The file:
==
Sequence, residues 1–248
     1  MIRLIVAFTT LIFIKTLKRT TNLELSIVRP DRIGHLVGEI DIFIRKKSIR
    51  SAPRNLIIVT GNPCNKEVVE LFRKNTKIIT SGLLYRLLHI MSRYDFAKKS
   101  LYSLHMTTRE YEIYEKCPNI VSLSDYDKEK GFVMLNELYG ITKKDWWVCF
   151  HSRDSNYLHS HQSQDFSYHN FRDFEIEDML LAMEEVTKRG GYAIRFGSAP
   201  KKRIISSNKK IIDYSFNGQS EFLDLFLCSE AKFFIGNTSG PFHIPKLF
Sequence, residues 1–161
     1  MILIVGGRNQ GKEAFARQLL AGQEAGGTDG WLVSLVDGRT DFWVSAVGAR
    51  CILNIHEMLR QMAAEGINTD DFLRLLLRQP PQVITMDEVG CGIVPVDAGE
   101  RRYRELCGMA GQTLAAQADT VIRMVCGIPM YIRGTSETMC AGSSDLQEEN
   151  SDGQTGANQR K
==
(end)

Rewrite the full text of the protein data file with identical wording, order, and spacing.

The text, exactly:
Sequence, residues 1–248
     1  MIRLIVAFTT LIFIKTLKRT TNLELSIVRP DRIGHLVGEI DIFIRKKSIR
    51  SAPRNLIIVT GNPCNKEVVE LFRKNTKIIT SGLLYRLLHI MSRYDFAKKS
   101  LYSLHMTTRE YEIYEKCPNI VSLSDYDKEK GFVMLNELYG ITKKDWWVCF
   151  HSRDSNYLHS HQSQDFSYHN FRDFEIEDML LAMEEVTKRG GYAIRFGSAP
   201  KKRIISSNKK IIDYSFNGQS EFLDLFLCSE AKFFIGNTSG PFHIPKLF
Sequence, residues 1–161
     1  MILIVGGRNQ GKEAFARQLL AGQEAGGTDG WLVSLVDGRT DFWVSAVGAR
    51  CILNIHEMLR QMAAEGINTD DFLRLLLRQP PQVITMDEVG CGIVPVDAGE
   101  RRYRELCGMA GQTLAAQADT VIRMVCGIPM YIRGTSETMC AGSSDLQEEN
   151  SDGQTGANQR K